The solution is another form of digital trunking. This was something Brentwood Communications recommended when installing a new two-way radio system at Tottenham Hotspur’s White Hart Lane stadium a couple of years ago. The trunking software effectively acts as a call management system, identifying and sorting available channels, and even packeting the channels in such a way that more than one call can be made on each one should the need arise. The outcome is 100 percent channel availability for every radio user at all times, no matter how busy the network is.

Of course, at a busy football match with the crowd roaring, getting onto an available channel is no guarantee anyone will hear you at the other end. Fortunately, digital tech has that covered too. With intelligent audio features, modern handsets will cut out background noise, while automatically adjusting volume to ensure optimum audibility.

But by far the most useful, not to mention reassuring, features of modern digital two-way radios for use in security is the range of emergency alert and safety functions many models now come with as standard. These range from one-push Emergency Button alerts to voice activation controls, making it as easy as possible to raise the alarm whatever the circumstances. Another common feature is ‘Man Down’, which detects sudden movements such as those caused by a fall to activate an alert.

These alarm features provide peace of mind to workers facing all types of hazardous situations, whether it is a security incident or working with heavy machinery in industry or construction. But in security, when operatives may be facing dangers out on patrol or where it is easy to get cut off from colleagues in crowded environments, tracking and monitoring is equally important to operative safety. Modern digital two-way radios are now GPS enabled as standard, so colleagues don’t just know when an alarm has been raised, they can accurately pinpoint where it has been raised from. Many offer features known as ‘Lone Worker’, which require users to check back in with the network at specified intervals, otherwise an alarm is triggered.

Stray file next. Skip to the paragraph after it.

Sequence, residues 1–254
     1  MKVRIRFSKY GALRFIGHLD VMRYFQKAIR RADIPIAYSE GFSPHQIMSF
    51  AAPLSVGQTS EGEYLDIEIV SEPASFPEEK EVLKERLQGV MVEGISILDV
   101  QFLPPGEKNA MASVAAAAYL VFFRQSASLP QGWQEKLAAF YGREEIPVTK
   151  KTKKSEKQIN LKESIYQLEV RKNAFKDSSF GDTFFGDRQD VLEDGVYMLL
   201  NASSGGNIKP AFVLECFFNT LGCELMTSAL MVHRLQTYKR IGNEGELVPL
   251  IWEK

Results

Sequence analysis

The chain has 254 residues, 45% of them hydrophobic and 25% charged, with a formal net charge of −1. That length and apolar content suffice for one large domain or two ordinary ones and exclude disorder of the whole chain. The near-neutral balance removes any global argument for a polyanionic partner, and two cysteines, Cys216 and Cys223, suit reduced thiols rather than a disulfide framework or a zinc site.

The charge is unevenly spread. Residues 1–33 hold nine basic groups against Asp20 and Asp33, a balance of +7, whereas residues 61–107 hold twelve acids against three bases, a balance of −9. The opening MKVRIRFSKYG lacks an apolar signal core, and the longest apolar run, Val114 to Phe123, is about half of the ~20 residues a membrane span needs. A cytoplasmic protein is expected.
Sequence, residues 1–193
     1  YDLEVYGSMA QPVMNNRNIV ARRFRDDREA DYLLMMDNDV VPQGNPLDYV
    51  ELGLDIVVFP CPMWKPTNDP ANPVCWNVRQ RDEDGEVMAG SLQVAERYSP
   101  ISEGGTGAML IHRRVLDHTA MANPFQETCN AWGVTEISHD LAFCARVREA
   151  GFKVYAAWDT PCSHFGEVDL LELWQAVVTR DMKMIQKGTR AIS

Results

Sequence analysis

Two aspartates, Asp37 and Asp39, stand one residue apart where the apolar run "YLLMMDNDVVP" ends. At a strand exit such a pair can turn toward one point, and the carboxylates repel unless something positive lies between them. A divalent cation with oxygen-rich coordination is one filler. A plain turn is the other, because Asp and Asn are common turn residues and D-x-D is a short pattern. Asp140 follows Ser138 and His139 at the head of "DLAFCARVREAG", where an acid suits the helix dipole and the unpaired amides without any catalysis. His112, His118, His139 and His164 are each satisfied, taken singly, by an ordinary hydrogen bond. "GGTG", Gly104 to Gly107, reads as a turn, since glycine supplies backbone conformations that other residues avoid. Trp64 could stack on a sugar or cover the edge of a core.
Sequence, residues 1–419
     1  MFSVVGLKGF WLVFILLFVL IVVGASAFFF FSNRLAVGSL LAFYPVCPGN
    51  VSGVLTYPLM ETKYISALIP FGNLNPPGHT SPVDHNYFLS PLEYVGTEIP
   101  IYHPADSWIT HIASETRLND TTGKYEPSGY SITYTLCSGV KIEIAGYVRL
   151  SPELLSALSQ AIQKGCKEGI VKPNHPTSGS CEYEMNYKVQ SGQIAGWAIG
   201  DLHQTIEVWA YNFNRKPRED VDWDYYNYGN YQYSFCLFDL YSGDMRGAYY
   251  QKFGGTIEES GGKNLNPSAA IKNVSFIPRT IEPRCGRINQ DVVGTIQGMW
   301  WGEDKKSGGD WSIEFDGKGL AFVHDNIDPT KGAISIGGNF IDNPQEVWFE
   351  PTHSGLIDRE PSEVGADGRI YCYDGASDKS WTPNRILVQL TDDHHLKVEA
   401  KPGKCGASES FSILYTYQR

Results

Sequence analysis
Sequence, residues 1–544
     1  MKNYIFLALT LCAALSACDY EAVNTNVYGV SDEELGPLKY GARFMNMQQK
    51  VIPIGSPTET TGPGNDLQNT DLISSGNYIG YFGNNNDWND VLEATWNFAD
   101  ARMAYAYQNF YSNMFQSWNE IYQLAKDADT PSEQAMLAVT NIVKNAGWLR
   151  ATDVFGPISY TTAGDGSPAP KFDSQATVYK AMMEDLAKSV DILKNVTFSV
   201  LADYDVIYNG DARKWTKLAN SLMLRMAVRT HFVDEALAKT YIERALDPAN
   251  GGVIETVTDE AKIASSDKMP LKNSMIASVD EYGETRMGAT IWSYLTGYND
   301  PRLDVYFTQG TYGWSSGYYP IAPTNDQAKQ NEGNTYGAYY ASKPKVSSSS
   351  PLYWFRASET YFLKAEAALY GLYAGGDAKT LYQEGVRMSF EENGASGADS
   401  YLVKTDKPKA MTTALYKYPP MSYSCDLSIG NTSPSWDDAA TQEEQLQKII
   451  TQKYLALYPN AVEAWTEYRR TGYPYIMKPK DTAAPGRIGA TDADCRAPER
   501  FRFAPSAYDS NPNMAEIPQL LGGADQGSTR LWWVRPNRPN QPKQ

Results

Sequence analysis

Two-way radio is one of the great technology survivors. In security, the industry it has the longest association with, it has evolved to stay in tune with shifting operational demands. In an increasingly dynamic, mobile and crowded world, security services have to be able to cover larger areas, work in bigger teams and operate at greater pace than ever before. Modern digital radios have responded accordingly, with improvements to networking and control technologies meaning they can be deployed in larger fleets over greater areas than ever. Software and IP integration means two-way radios can work in tandem with other security and surveillance technology, and link in with other communications networks. The latest handsets offer advanced alert and tracking features, providing security personnel peace of mind in emergency situations. And underpinning that, digital two-way radios still offer what drew security operatives to their analogue predecessors – mobility, reliability, ease of use and durability.

James Miller is the managing director of Brentwood Communications. His company has more than 40 years’ experience supplying bespoke integrated radio solutions to organisations from all sectors of the economy, using tried and tested technology from the world’s best manufactures